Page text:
I don’t usually share personal experiences here, but for the benefit of prickly wildlife, I’ll make an exception today.
the United Nations Environment Programme (UNEP) state that around 50,000 wild species are used by humans through hunting, fishing, gathering, logging and harvesting, as well as observing. Around 20% of humanity rely on wild species for income and… Read More
The 65th meeting of the Marine Measurement Forum (MMF65) was hosted by Aquatec on the 30th November 2022. It’s a good space for exchanging news on research, ideas and developments across the marine measurement and ocean technology –… Read More
We are celebrating the 250th birthday of Luke Howard, the man who named the clouds. Besides studying languages, pharmacy and natural sciences, he was an ‘amateur’ meteorologist. The Royal Meteorological Society is marking his contribution to the field… Read More
As scientist I spent many years finding out how human activity (in my case, metal mining) affects soil, water and organisms, how pollutants move and change in the environment, where they finish up.
‘Time for Geography‘ provides a series of educational resources aimed at a GCSE to undergraduate audience, which are also suitable for the general interested public. Even if you, as I am, keeping up to date with current environmental… Read More
Seas Your Future is not only taking teenagers on board for a voyage of sail training and personal development, but as part of the Ocean Science programme, are also giving young scientists the chance to gain experience with… Read More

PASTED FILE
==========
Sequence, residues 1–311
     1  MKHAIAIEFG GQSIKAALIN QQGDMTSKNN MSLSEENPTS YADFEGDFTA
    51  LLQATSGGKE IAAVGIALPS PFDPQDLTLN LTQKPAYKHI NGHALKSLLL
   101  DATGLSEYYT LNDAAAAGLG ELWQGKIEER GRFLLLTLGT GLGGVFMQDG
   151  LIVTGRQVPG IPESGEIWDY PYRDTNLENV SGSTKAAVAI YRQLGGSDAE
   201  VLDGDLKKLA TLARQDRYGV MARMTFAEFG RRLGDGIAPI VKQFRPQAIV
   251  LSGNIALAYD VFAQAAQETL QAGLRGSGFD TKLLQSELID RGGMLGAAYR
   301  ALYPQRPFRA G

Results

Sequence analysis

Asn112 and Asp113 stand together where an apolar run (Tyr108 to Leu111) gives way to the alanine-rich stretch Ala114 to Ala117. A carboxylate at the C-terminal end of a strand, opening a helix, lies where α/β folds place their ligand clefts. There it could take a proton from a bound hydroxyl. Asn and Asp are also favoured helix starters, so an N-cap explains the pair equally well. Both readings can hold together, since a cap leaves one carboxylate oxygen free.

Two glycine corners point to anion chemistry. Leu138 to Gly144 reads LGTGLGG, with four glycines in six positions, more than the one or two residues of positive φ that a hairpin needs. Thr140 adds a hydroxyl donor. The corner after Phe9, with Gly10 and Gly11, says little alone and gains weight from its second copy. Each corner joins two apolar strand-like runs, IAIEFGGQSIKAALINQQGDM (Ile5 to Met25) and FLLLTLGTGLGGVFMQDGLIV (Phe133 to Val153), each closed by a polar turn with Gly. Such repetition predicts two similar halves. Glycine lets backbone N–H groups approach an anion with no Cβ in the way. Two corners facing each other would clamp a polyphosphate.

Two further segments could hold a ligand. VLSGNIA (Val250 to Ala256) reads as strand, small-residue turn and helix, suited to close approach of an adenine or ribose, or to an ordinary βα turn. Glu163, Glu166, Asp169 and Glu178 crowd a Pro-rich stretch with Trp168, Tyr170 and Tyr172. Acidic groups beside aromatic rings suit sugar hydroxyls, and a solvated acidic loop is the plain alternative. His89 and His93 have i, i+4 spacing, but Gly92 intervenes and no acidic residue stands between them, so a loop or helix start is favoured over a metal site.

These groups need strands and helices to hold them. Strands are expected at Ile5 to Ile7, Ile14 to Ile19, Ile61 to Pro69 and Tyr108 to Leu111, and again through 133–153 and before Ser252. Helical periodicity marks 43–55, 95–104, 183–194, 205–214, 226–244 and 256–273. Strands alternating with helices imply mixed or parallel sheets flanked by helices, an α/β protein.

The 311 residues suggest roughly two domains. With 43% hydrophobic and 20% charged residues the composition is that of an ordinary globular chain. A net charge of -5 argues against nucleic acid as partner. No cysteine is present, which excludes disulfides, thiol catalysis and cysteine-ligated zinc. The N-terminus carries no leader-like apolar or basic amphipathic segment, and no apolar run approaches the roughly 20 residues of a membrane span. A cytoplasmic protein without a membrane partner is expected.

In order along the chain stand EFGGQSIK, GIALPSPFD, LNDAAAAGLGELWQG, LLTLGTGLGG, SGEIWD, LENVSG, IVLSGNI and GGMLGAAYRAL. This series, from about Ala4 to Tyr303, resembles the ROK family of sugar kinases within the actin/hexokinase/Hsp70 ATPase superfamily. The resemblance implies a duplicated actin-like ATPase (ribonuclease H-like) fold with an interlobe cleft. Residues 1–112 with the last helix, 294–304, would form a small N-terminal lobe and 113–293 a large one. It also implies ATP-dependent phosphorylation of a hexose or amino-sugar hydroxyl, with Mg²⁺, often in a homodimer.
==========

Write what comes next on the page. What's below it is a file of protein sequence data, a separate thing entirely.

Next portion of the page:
Coastal cruises provide many opportunities for undertaking citizen science projects that contribute valuable data to conservation organisations, such as the Marine Conservation Society and the Sea Watch Foundation.
As our time at sea approaches a week, I notice a distinct change in the dynamic of personal relationships: they are marked by confidence. Confidence in the teenagers’ place within the team and confidence in their own ability.
If you are not sure what Science, Engineering and Technology have to do with Art, a visit to the Design Museum in London will solve the mystery… (math being an art of great beauty in itself doesn’t need… Read More
Katie Baker from the Sea Watch Foundation reports an exciting new sighting in Cardigan Bay: a melanistic common dolphin spotted on 11 August 22.
Today’s STEAM link relates to an all-too-familiar phrase in the context of climate change: “…faster than…”